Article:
Silence is Golden

November 3, 2009

It’s the birthday of Brian Poole from The Tremeloes.

One of their most popular songs was Silence is Golden:


Shocking wins Melbourne Cup

November 3, 2009

Shocking, trained by Mark Kavanagh and ridden by Corey Brown, has won the 149th Melbourne Cup.

Irish horses Crime Scene and Mourilyan came second and third.

Just as well I hadn’t put any money on my picks. Maybe next year I’ll use Richard’s method.

To Sir With Love

November 3, 2009

Happy birthday Lulu.

To Sir With Love  was released when I was at primary school but I don’t remember seeing it until I was a teenager when the book on which it was based was required reading at high school.


Tuesday’s answers

November 3, 2009

Monday’s questions were:

1. Where and when was Anchor butter launched.

2. What is a piwakawaka?

3.  Who said: “If you find it hard to laugh at yourself I would be happy to do it for you.”?

4. Who wrote the poem, Milking Before Dawn?

5. What does  sinistrorse mean?

Paul Tremewan and Gravedodger share the honours today.

Paul’s stab in the dark for Anchor butter missed but he got the other four right with a bonus for amusing me with the extra info on Groucho. (But why equus in relation to sinistorse? I know it’s the name of a play and that it relates to matters equine but don’t get the link to left).

Gravedodger got four right and a bonus for close-enough for his Anchor butter answer.

The full answer on Anchor is at NZ Histroy Online.

Samo got three right and PDM can have a bonus for honesty.

Tuesday’s answers follow the break:

Read the rest of this entry »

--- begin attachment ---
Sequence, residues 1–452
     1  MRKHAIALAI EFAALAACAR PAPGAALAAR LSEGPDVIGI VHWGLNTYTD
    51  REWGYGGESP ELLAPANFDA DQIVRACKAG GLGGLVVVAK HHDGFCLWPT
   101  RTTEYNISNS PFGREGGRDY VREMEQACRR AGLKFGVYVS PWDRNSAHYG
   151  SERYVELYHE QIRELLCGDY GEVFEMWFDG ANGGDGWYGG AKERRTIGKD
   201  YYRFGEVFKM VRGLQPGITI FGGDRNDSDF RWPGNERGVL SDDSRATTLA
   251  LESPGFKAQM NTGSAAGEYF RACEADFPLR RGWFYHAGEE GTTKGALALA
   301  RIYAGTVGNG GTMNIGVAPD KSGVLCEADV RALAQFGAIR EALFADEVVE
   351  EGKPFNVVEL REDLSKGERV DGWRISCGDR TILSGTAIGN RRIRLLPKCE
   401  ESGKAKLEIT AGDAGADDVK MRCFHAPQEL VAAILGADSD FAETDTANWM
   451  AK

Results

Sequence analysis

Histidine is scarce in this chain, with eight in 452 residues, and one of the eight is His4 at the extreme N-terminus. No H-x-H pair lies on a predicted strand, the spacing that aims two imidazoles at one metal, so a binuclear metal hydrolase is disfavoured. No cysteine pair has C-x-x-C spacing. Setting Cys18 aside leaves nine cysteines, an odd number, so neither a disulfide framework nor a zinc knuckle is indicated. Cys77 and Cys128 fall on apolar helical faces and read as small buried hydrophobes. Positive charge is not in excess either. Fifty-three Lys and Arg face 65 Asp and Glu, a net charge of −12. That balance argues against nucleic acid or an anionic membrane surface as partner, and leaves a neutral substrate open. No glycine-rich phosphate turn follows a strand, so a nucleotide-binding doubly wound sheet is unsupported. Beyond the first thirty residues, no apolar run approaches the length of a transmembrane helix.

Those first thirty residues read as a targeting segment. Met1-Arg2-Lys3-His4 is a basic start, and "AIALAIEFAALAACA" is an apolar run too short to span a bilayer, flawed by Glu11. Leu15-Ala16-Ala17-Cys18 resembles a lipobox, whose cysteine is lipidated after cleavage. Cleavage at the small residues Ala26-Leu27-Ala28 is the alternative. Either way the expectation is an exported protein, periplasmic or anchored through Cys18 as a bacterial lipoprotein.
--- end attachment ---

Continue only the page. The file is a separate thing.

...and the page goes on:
The last word on daylight saving

November 3, 2009

Think back over the last six weeks since the clocks went forward. I don’t know how it’s been where you’ve been but I’ve been at home in North Otago, in Dunedin, Wanaka, Auckland and Wellington and haven’t had an evening when it’s been warm enough to enjoy the extra light.

It’s 25 35 years today since daylight saving was first introduced and how much more sensible it was to do so in November when the days are longer and – I say with more hope than certainty – warmer.

The sun may not have got the message but the calendar says it’s nearly summer so this is my last word (for now) on daylight saving:

(Thanks to Swinestein).

Don’t panic

November 3, 2009

The Foreshore and Seabed Act was the result of panic.

The Court of Appeal didn’t say Iwi with continuous customary use could convert that to freehold title. It just said they had the right to test that in court.

But once that got into the media that was translated into Maori having freehold title and the ability to exclude people from the beaches. There was a public outcry and the government panicked.

That was politically costly for the Labour Party because the Act which resulted led to the birth of the Maori Party.

But Labour wasn’t the only party at fault. Former National Party leader Don Brash told Q&A the party got it wrong.

Now John Key has said the legislation will almost certainly be repealed.

There is no indication yet on what will replace it but when panic led to the mistake in the first place it would be helpful if everybody could debate the issue calmly and rationally.

Mr Key said the legislation had been complex, but a replacement that sat well with all New Zealanders was possible.

Not only possible but necessary.

Property rights must be respected and public access to the beaches must be retained. Those are not mutually exclusive.

Otago Fish & Game not confident either

November 3, 2009

Otago Fish and Game council has told the national body it lacks confidence in its chief executive.

Areas of concern included a water campaign which failed to proceed in 2006, a lack of agreement over themes for pre-election advocacy, and the “divisive and costly” judicial review on high country pastoral leases taken without consultation with regional fish and game councils.

This action follows a similar move  by Central South Island Fish & Game which was made public last week.

That judicial review was not only divisive and costly for Fish & Game it was very costly for pastoral lessees and the public.

Fish & Game is funded by fishing and hunting licences. It’s a public entity, established by statute and answerable to the Minister of Conservation.

It should have stuck to maintaining and enhancing recreational fishing and hunting, not taking the Crown and pastoral lessees to court.

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